Heat transfer processes in micro- and nanoscale devices have become more and more important during the last decades. Scanning thermal microscopy (SThM) is an atomic force microscopy (AFM) based method for analyzing local thermal conductivities of layers with thicknesses in the range of several nm to µm. In this work, we investigate ultrathin films of hexagonal boron nitride (h-BN), copper iodide in zincblende structure (γ-CuI) and some test sample structures fabricated of silicon (Si) and silicon dioxide (SiO2) using SThM. Specifically, we analyze and discuss the influence of the sample topography, the touching angle between probe tip and sample, and the probe tip temperature on the acquired results. In essence, our findings indicate that SThM measurements include artefacts that are not associated with the thermal properties of the film under investigation. We discuss possible ways of influence, as well as the magnitudes involved. Furthermore, we suggest necessary measuring conditions that make qualitative SThM measurements of ultrathin films of h-BN with thicknesses at or below 23 nm possible.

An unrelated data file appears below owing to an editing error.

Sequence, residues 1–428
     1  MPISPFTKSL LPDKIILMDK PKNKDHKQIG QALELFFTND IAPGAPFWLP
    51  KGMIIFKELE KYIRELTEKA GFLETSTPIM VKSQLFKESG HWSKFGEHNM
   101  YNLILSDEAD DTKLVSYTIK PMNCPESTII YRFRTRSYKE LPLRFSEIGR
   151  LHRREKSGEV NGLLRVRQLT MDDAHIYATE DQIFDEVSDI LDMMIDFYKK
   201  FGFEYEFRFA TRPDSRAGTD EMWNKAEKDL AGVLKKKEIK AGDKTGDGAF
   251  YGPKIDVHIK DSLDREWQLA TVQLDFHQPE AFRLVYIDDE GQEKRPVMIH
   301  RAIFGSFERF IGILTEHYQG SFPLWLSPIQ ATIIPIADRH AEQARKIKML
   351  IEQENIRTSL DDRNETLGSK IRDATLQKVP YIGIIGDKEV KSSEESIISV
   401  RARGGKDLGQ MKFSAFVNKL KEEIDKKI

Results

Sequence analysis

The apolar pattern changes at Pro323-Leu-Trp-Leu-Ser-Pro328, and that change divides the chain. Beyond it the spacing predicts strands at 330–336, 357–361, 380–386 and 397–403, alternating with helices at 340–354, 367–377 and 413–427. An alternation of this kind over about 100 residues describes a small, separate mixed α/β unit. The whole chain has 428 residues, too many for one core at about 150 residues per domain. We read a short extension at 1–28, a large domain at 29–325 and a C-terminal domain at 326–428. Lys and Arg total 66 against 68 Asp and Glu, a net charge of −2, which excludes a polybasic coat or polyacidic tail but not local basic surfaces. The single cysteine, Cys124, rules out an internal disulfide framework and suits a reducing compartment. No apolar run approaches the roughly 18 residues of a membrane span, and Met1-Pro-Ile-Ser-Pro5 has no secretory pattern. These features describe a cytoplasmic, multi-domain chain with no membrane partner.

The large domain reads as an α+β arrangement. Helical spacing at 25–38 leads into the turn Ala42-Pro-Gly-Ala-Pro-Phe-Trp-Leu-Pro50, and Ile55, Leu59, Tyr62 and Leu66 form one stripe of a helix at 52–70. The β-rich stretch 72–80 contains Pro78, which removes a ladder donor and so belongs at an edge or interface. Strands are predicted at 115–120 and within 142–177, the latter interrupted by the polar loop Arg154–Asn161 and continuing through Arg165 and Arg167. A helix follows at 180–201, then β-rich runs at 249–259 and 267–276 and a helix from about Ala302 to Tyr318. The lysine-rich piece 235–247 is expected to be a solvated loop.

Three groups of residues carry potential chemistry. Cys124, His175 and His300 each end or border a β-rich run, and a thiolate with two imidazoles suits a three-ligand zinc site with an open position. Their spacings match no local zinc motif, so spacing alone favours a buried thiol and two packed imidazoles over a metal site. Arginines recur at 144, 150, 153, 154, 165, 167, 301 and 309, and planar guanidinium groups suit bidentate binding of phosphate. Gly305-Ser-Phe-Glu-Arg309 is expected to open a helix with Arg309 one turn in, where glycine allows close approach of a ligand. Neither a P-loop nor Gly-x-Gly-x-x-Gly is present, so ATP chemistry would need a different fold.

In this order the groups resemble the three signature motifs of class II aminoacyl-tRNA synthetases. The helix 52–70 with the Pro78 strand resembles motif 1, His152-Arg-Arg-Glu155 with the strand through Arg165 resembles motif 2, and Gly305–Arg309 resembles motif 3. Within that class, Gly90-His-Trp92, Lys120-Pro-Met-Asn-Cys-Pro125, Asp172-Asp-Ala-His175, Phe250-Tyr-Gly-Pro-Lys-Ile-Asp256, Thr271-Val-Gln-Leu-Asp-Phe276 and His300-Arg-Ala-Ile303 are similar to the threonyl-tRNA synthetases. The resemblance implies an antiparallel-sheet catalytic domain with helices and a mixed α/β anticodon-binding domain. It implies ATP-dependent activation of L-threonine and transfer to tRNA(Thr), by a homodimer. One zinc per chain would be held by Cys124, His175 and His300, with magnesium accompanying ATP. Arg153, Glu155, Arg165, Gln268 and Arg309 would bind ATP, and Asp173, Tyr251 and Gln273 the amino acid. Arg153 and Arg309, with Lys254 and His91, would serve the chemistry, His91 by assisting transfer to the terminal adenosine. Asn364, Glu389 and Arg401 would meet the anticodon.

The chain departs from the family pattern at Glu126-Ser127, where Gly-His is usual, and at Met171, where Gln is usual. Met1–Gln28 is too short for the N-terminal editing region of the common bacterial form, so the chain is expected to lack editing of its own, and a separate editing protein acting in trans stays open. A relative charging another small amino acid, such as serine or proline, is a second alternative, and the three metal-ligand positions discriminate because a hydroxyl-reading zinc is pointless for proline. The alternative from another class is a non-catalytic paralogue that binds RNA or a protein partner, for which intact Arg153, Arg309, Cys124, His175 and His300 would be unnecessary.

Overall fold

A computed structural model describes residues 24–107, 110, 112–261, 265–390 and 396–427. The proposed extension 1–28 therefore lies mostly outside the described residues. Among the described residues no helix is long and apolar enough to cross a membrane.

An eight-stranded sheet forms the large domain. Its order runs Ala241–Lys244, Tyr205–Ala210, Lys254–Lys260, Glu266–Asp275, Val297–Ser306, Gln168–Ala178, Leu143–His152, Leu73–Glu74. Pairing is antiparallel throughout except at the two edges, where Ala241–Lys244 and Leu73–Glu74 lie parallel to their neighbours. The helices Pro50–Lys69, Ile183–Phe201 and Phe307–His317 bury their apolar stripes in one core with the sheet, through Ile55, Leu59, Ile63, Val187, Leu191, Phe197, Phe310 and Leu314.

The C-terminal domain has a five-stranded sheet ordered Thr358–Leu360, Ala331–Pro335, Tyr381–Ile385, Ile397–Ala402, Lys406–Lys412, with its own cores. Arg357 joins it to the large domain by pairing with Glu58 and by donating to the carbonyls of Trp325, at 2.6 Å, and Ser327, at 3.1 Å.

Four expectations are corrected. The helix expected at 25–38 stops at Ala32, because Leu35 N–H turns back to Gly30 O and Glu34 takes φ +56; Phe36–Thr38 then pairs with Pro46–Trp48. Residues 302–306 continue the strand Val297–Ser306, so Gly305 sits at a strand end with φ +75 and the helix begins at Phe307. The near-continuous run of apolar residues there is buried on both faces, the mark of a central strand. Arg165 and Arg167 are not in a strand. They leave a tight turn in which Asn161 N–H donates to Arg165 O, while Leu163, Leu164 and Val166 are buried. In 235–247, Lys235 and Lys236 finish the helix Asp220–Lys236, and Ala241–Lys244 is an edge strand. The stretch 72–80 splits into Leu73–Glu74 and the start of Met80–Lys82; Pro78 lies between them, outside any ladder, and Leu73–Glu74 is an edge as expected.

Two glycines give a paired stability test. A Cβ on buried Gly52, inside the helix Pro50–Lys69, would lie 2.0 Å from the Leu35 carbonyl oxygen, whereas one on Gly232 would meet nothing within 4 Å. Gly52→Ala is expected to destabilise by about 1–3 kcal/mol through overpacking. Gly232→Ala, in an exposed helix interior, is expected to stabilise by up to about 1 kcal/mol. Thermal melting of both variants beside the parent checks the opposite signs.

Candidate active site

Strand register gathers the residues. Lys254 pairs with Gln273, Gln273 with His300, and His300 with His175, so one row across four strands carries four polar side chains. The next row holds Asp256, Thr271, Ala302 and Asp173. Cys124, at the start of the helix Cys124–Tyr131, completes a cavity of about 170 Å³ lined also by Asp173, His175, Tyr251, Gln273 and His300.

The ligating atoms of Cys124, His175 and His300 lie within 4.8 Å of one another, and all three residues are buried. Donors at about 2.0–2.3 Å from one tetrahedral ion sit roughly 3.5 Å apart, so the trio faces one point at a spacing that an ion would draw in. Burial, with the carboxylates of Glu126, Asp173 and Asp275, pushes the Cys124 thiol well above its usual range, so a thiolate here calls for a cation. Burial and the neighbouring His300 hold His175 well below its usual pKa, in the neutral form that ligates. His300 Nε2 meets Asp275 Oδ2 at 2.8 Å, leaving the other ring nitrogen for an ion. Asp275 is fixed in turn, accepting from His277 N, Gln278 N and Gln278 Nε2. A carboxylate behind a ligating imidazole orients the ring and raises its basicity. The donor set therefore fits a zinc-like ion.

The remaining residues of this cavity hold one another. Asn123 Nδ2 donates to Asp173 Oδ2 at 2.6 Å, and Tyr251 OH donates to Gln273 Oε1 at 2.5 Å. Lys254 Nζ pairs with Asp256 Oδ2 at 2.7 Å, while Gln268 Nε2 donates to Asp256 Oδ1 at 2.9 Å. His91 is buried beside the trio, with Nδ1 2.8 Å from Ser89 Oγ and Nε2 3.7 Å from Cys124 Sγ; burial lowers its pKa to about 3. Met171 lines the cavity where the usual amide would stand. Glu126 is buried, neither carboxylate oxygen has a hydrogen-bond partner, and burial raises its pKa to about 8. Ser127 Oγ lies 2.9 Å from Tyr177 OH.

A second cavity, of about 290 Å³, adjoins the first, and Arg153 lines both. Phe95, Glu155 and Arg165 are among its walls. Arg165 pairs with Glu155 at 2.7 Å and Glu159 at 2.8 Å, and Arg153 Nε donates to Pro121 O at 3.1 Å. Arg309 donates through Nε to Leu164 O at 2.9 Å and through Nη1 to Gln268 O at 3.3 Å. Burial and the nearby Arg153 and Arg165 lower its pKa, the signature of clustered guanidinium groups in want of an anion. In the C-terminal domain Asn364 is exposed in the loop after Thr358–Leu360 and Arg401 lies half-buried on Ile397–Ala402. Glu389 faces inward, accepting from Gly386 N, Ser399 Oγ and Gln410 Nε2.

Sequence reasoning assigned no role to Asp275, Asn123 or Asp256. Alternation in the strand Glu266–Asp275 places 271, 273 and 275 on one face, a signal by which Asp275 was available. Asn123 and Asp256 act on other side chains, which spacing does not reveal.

Keywords: AFM; Atomic force microscopy; CuI; SThM; boron nitride; copper iodide; h-BN; scanning thermal microscopy; topography influences; ultrathin films.